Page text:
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04 June 2019 | Story Valentino Ndaba | Photo Charl Devenish
Prof Cathryn Tonne
Air pollution not only costs lives, it costs money too. Pictured is Prof Cathryn Tonne presenting a guest lecture on air pollution at the Bloemfontein Campus.

Health effects associated with ambient air pollution (AAP) have been well documented. Subsequently, the relationship between pollution and financial outcomes have also become a focus for case studies globally. An Environmental Research journal article revealed that “low and middle-income countries are disproportionately affected by the global burden of adverse health effects caused by AAP”. 

A high price to pay

In 2012, high concentrations of air pollution caused 7.4% of all deaths, costing South Africa up to 6% of its Gross Domestic Product. According to the recent International Growth Centre study conducted by senior University of Cape Town researchers, this is a direct consequence of the country’s heavy dependence of fossil fuels, a source of health-damaging air pollution and greenhouse pollutants.

Stunted human and economic growth

These South African statistics are attested to by Prof Cathryn Tonne who recently presented a guest lecture on air pollution which was hosted by the University of the Free State (UFS) Business School.

“Air pollution can affect economic development through several pathways, and health is an important one. Air pollution is linked to shorter life expectancy, chronic disease, asthma exacerbation and many other health outcomes that result in absenteeism from work and school. These have large direct costs to the health system.” 

Prof Tonne says that air pollution exposure in children is linked to reduced cognitive development, with important impacts on human capital. As a result, children are not reaching their full potential in terms of neurodevelopment, which has an effect on their income prospects and the economy as a whole. 

Resolving a looming disaster

Technology may be employed to radically clean the air. Cities need to lead in the reduction of air pollution by promoting renewable energy, using active transport such as walking or cycling, and investing in infrastructure to make this safe and attractive. 

With researchers playing a major role in strengthening the case for aggressive air pollution control, the government needs to implement policies in order to control sources of air pollution. This global health and economic issue also requires individuals and communities to play their part to improve air quality.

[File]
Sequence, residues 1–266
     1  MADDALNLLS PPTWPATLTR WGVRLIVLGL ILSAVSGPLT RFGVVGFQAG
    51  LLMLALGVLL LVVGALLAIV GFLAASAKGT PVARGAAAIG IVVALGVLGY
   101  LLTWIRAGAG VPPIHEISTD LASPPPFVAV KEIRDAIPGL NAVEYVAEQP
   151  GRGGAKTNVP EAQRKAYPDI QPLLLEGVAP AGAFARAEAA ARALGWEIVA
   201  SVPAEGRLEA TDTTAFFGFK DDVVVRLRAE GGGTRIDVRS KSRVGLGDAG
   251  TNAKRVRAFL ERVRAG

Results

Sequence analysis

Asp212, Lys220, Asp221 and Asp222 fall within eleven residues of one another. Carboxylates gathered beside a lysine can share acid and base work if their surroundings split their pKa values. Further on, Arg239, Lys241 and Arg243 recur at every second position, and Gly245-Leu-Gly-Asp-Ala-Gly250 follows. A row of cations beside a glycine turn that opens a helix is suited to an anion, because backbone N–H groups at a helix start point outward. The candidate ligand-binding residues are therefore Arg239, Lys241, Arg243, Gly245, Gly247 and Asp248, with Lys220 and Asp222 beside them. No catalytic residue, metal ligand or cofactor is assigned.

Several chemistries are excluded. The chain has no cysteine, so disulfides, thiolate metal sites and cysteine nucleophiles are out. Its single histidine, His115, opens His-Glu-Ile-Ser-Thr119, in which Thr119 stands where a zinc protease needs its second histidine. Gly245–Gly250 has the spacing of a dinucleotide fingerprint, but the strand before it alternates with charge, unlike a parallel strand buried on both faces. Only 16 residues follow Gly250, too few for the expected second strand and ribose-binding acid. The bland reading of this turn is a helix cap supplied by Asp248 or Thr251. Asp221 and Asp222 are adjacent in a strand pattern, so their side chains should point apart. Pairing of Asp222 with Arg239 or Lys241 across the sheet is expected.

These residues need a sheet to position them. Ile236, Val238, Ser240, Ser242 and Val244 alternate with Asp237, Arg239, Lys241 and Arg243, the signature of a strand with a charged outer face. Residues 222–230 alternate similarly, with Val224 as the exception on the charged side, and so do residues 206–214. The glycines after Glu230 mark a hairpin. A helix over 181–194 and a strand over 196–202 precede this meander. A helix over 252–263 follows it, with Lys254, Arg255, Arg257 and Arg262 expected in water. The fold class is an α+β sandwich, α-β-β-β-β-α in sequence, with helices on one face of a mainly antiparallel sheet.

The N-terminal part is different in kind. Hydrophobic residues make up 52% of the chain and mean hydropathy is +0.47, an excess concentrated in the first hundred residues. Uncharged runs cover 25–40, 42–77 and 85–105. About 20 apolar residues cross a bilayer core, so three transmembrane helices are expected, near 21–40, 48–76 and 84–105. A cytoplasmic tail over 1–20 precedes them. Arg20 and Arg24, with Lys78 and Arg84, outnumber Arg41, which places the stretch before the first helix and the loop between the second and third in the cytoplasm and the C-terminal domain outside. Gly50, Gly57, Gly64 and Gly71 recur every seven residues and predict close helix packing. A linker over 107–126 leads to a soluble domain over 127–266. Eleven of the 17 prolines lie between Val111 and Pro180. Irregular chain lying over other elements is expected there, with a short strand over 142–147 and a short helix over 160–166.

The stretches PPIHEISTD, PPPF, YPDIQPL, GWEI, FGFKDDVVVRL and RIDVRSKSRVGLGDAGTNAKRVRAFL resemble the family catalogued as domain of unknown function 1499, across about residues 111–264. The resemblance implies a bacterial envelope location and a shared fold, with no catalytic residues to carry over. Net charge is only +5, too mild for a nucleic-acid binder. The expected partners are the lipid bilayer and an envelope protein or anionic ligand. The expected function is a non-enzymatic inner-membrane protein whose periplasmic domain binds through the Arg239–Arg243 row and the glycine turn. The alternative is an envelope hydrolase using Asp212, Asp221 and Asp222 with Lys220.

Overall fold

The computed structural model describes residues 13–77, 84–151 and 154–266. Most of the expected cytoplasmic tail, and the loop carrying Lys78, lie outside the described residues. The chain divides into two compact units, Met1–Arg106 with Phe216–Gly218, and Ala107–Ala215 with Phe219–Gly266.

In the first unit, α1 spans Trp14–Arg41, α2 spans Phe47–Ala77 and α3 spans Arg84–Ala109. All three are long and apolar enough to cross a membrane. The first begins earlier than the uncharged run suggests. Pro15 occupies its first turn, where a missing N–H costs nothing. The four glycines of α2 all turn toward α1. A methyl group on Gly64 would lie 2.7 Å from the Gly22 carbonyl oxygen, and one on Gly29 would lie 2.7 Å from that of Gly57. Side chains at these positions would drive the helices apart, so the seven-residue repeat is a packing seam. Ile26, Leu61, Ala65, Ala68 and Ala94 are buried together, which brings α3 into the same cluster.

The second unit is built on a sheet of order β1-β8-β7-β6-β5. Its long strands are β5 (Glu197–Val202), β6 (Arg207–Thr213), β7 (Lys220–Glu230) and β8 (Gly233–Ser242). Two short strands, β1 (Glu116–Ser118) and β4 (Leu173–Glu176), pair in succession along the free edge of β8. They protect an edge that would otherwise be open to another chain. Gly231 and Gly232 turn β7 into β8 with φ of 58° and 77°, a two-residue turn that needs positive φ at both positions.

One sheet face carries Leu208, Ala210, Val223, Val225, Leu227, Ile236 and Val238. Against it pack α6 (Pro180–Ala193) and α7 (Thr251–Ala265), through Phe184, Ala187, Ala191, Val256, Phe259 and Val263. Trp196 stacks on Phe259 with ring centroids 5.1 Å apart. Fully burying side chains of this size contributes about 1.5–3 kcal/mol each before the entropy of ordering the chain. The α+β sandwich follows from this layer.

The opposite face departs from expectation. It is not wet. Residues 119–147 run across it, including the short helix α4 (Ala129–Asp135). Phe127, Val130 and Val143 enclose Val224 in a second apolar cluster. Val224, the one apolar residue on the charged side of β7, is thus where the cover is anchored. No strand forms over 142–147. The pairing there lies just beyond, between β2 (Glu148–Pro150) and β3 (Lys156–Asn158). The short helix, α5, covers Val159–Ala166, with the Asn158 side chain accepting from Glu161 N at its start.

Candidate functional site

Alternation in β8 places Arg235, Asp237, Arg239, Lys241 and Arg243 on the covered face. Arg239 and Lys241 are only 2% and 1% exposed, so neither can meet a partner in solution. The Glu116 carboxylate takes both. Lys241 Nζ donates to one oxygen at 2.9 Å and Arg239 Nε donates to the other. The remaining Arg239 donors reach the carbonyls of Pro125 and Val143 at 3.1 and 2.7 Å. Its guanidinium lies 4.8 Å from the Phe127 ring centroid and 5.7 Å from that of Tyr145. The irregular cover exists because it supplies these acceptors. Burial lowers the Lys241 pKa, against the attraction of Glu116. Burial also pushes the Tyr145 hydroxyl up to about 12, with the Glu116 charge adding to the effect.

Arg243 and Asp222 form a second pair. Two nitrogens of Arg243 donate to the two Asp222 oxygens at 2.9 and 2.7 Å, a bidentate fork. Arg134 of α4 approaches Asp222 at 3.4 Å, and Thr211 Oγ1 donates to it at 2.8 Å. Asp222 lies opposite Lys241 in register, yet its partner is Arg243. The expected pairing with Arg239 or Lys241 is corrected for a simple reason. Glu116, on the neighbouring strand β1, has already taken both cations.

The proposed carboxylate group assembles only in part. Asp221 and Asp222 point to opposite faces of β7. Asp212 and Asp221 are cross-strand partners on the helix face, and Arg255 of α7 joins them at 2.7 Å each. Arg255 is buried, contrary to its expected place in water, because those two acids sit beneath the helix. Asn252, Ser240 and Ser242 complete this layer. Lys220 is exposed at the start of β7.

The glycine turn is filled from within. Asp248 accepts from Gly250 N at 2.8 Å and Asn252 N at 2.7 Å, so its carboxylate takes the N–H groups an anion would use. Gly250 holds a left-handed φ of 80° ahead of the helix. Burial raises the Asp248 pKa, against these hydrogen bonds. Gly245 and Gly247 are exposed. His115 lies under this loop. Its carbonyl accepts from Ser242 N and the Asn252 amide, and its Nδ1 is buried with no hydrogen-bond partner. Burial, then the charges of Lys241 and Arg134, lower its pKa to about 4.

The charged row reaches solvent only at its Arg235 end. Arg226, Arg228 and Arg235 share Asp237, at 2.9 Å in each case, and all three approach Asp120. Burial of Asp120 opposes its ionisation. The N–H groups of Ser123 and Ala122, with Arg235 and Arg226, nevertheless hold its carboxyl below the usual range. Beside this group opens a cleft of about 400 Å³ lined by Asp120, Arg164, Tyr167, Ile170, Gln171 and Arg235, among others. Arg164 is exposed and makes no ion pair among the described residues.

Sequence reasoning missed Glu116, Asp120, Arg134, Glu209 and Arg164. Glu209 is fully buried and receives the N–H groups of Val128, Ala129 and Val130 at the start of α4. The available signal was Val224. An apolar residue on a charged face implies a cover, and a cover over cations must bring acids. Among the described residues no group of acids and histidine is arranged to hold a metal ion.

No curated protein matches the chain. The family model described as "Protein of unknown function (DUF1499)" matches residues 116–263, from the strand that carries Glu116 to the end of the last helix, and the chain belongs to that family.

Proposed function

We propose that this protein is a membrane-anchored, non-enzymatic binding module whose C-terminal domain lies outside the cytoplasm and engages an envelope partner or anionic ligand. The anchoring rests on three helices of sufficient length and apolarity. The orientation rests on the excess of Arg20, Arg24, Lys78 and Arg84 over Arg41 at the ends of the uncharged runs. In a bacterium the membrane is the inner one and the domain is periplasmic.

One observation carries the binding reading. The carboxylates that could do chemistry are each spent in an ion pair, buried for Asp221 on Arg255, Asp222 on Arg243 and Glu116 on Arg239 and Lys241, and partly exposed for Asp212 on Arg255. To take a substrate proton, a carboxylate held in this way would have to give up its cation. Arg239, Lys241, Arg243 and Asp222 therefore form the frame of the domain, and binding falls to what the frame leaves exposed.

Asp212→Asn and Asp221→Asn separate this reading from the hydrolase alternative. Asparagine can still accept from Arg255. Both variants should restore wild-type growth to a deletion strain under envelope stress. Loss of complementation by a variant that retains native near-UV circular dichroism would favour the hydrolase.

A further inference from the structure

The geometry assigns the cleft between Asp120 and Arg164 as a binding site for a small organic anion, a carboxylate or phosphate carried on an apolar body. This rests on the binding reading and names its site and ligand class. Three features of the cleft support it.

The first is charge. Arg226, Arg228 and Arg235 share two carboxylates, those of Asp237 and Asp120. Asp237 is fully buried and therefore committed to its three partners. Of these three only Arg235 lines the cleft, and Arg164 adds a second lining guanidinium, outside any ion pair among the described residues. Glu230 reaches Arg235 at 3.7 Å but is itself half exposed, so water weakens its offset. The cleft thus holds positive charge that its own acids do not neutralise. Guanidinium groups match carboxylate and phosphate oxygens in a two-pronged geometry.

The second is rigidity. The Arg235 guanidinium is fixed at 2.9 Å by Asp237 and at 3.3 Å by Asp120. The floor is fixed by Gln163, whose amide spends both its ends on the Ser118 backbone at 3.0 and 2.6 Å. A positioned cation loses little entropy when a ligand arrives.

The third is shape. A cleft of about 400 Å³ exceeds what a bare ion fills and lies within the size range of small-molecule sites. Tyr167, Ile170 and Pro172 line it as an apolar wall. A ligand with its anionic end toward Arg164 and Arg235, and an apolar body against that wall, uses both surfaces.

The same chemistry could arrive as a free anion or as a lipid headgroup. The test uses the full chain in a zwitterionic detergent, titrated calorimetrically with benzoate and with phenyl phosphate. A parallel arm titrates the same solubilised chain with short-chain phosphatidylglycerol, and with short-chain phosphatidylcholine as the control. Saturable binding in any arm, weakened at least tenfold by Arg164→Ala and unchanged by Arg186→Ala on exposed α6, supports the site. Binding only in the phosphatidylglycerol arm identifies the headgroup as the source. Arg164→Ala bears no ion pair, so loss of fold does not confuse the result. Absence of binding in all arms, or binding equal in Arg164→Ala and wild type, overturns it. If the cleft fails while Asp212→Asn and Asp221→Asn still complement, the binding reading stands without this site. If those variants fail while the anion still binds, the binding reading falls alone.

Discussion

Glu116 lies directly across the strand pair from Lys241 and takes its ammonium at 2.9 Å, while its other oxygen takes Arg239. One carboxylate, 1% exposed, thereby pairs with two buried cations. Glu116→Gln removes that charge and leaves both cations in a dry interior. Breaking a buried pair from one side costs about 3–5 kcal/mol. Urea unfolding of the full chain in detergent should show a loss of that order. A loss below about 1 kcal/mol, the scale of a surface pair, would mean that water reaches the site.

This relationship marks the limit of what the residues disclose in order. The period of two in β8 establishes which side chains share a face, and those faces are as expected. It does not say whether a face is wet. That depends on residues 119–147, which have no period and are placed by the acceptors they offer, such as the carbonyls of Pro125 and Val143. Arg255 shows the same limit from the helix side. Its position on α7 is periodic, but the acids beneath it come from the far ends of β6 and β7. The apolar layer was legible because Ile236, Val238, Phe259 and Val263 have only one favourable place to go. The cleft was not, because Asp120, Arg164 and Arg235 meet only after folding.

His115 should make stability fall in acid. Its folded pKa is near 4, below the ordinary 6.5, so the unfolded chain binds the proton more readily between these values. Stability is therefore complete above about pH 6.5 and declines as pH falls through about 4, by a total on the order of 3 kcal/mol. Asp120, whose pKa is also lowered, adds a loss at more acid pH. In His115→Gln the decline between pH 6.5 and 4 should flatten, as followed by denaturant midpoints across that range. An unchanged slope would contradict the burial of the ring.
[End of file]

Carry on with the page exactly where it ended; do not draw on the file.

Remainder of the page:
News Archive

MSc student plans to FEED our hungry planet
2015-01-27

Photo: Hannes Pieterse

Since attending the 2014 Youth Ag-Summit in Canada, Lisa Coetzee – an MSc student in Plant Pathology in the Department of Plant Sciences at our university – developed a plan to address hunger:

FEED – Forum of Education, Empowerment and Development.

Coetzee, together with a junior lecturer at Plant Sciences, Marguerite Westcott, started this student association to tackle the issue of food insecurity head-on.

Education, empowerment and development “are keywords vital to the solutions to poverty. Hunger is an issue which is found in our own homes. One in every four South Africans is food insecure. Hunger kills more people every year than Aids, malaria and TB combined,” says Coetzee.

“This forum allows awareness to be raised about the hunger situation locally and globally. FEED is talking about hunger and it is assisting in reducing it by reaching out to communities which are in need.

“FEED is the generation which is going to make a difference in eradicating hunger,” Coetzee continues. “We want students to think about how they can feed the hungry through what they are studying”. For Coetzee it is a high priority to ensure that the youth are aware of the importance to feed our hungry planet in a sustainable way.

Her philosophy on relieving hunger and increasing food safety is to enhance the efficiency of crop production, ensure crop security and reduce mycotoxins in the food we eat.

During the 2014 summit, Coetzee was elected to represent the African delegates on the Youth Ag Summit Committee. Ever since, she has been enthusiastically active in the agricultural community. As 43% of the globe’s farmers are women, Coetzee also feels she acts as a voice for female farmers in South Africa.

An important lesson Coetzee has learned is that there is power in one person to make a change – that we should start small but think big.

If you would like to get involved in this project, contact Lisa Coetzee on +27(0)51 401 9681 or email coetzeela@ufs.ac.za.

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